WiTricity: Transmitting Electricity WirelesslyBy Eric Chabrow | Posted 06-11-2007
In an experiment revealed this week, a team from the Massachusetts Institute of Technology's departments of Physics, Electrical Engineering and Computer Science, and the Institute for Soldier Nanotechnologies lit a 60-watt light bulb from a power source seven feet away with no physical connection between the power source and the bulb. The researchers employed two magnetic coils, 20 inches in diameter, designed to resonate together. The team labeled the concept WiTricity, for wireless electricity.
"Imagine a future in which wireless power transfer is feasible: cell phones, household robots, mp3 players, laptop computers and other portable electronics capable of charging themselves without ever being plugged in, freeing us from that final, ubiquitous power wire," an MIT statement says. "Some of these devices might not even need their bulky batteries to operate."
According to the researchers, power levels more than sufficient to run a laptop can be efficiently transferred over room-sized distances even when objects completely obstruct the line-of-sight between the power source and appliance. "As long as the laptop is in a room equipped with a source of such wireless power, it would charge automatically, without having to be plugged in," one of the researchers, MIT physics professor Peter Fisher, said in a statement. "In fact, it would not even need a battery to operate inside of such a room."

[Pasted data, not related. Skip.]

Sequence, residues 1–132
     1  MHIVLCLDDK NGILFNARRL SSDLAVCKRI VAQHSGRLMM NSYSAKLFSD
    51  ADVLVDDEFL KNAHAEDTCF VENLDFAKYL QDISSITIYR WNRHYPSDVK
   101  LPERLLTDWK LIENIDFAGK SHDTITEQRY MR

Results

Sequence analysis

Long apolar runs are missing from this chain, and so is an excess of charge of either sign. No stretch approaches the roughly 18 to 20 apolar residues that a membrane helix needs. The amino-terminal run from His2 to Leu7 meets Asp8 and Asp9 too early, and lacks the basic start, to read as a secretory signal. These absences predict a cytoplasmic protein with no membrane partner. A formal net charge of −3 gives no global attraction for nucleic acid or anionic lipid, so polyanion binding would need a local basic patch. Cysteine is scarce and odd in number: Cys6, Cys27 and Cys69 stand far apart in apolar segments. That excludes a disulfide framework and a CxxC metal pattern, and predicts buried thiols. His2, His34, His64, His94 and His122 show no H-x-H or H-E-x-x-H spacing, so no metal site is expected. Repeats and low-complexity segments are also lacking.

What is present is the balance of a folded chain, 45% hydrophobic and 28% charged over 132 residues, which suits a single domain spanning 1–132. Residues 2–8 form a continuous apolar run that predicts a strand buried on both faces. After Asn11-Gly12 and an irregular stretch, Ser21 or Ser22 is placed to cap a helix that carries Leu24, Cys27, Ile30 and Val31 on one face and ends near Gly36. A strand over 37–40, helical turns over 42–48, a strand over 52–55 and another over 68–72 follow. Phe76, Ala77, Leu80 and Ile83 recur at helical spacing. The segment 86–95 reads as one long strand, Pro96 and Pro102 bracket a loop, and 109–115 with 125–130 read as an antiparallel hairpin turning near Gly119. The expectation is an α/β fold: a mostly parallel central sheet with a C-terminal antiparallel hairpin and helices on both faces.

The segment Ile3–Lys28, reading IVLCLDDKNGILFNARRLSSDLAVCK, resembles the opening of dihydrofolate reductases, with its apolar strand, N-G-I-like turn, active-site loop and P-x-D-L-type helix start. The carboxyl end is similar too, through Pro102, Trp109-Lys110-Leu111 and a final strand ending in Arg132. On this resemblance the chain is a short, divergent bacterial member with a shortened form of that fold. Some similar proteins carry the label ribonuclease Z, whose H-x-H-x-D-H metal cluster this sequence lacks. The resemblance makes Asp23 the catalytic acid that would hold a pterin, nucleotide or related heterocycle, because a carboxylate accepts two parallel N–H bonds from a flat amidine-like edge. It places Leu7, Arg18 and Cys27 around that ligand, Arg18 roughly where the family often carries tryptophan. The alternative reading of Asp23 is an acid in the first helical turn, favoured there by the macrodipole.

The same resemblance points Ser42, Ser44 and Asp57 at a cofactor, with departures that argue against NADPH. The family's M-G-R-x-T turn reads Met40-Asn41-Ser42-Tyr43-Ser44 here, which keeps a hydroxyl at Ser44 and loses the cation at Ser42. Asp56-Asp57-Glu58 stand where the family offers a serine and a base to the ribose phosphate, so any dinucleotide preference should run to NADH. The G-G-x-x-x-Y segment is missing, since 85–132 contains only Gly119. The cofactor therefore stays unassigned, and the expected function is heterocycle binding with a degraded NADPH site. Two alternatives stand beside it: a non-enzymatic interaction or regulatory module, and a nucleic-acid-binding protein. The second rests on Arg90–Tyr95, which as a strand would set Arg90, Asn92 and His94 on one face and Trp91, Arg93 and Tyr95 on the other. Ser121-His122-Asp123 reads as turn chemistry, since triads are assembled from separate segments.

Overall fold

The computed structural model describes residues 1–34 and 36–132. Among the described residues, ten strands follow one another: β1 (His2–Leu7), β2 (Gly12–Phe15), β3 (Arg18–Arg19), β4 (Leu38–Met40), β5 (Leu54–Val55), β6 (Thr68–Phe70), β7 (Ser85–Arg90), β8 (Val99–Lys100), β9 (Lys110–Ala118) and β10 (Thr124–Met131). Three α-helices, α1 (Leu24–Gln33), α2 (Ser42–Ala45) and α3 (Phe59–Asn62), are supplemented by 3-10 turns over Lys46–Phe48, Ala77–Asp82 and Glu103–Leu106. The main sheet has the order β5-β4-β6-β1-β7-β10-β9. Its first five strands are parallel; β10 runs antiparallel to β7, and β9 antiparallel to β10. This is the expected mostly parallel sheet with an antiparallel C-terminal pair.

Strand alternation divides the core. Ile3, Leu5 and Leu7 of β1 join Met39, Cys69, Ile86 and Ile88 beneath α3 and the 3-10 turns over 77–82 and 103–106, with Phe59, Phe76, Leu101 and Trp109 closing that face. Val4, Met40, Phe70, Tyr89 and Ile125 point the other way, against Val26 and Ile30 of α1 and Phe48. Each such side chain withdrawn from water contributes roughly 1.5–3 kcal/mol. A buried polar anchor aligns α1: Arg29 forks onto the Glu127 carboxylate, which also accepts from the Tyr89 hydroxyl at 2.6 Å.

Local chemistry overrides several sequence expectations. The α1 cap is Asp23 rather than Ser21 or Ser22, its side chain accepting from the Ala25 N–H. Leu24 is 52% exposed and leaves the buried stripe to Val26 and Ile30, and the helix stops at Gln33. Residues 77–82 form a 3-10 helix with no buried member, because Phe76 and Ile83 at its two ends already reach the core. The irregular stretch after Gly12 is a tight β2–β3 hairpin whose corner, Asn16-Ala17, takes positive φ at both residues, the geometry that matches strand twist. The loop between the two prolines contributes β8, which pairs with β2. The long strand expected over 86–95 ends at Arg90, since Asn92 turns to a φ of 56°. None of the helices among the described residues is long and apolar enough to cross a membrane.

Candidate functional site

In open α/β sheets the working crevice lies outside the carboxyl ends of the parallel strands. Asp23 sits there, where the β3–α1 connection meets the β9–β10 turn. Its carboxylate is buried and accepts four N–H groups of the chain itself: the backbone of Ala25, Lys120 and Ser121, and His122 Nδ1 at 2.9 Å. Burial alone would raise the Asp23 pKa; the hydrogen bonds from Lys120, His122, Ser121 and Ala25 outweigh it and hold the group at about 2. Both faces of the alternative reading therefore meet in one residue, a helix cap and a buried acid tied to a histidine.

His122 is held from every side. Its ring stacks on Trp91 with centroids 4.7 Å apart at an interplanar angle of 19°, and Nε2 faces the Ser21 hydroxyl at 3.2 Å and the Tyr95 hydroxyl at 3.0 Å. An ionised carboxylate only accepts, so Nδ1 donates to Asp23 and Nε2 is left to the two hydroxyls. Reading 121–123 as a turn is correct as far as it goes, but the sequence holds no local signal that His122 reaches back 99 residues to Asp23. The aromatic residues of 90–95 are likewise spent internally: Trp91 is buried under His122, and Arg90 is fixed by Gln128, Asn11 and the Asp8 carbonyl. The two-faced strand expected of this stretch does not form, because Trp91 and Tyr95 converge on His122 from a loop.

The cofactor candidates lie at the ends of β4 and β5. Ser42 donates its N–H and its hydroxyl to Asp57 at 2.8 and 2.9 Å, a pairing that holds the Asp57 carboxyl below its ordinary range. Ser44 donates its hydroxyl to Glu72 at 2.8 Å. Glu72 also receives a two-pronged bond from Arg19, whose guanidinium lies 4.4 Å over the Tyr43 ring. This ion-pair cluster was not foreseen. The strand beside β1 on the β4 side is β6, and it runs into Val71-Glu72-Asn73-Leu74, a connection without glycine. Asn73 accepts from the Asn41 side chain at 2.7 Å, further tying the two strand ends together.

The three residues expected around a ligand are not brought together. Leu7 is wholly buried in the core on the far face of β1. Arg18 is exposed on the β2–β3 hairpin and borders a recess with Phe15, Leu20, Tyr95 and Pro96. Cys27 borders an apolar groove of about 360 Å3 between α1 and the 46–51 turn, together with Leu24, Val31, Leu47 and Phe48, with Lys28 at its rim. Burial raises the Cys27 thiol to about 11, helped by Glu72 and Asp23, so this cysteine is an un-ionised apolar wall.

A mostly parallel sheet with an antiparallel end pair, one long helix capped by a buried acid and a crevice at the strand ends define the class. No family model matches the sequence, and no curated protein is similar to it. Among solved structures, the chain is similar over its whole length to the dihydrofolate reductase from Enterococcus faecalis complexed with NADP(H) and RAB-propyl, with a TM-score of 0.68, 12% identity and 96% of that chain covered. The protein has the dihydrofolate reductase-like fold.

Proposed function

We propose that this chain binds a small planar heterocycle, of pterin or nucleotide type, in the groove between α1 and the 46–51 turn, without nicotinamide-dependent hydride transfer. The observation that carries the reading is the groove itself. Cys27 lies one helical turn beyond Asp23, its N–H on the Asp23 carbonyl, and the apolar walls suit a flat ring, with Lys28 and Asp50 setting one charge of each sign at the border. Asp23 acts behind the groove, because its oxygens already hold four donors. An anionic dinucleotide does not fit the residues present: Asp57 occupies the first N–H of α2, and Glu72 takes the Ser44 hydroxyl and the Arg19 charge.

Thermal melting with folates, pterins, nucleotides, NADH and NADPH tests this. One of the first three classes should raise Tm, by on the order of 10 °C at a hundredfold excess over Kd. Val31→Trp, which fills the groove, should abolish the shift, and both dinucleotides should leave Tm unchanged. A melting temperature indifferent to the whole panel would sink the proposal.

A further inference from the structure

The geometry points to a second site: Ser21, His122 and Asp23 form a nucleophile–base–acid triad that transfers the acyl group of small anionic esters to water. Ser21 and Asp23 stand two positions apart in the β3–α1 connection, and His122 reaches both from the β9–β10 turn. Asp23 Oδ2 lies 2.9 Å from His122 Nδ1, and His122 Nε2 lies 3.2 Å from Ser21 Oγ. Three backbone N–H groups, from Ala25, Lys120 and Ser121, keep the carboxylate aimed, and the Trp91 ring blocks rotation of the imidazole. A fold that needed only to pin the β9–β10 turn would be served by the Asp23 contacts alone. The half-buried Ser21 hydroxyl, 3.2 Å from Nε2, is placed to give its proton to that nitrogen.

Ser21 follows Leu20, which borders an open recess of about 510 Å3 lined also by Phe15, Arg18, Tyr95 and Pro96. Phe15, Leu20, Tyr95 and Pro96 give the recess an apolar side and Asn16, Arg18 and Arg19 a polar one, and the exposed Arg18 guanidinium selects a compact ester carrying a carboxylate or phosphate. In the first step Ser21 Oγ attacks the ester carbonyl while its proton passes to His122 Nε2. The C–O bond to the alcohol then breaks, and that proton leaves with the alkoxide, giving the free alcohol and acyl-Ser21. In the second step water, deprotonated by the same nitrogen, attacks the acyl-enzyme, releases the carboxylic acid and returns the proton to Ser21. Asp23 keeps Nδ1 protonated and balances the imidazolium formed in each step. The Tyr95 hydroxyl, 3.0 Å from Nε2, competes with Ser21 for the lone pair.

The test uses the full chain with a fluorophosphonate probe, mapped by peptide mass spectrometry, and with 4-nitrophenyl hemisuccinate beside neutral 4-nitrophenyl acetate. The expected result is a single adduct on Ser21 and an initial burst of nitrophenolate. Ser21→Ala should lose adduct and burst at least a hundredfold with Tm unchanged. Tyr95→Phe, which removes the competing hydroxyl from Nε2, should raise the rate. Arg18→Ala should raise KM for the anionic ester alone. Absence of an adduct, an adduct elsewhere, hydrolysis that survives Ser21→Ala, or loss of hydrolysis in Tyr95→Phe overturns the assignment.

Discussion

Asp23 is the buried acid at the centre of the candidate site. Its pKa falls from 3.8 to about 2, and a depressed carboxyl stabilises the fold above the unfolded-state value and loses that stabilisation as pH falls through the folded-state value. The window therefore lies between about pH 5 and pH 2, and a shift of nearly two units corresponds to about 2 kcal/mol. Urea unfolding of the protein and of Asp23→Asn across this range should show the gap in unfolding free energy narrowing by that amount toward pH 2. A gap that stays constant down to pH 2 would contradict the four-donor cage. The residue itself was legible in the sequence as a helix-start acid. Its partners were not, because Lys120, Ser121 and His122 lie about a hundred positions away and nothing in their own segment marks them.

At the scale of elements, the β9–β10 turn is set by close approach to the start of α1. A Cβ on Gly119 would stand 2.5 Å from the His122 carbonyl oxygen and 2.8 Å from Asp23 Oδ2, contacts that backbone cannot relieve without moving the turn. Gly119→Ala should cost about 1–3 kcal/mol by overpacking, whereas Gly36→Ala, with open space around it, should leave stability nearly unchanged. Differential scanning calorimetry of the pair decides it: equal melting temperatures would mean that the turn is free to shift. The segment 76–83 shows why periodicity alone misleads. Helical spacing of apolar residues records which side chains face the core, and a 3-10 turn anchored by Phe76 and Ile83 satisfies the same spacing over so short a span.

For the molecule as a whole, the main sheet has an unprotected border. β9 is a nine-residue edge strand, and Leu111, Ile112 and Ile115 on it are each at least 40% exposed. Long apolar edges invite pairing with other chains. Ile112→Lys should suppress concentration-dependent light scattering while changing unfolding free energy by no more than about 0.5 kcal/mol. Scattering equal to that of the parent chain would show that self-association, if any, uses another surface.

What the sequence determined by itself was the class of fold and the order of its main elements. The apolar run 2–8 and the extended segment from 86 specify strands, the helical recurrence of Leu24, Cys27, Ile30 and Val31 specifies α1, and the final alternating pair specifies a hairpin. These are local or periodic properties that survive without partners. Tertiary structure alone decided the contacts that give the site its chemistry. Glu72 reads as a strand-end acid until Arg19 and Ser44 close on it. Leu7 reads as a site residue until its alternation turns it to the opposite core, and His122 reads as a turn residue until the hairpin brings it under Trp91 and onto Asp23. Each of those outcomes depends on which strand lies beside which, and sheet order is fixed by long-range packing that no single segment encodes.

If [or should it be when] commercialized, the researchers foresee, WiTricity could cut society's dependence on those heavy and expensive batteries.
Read Eric Chabrow's Parallax View blog here.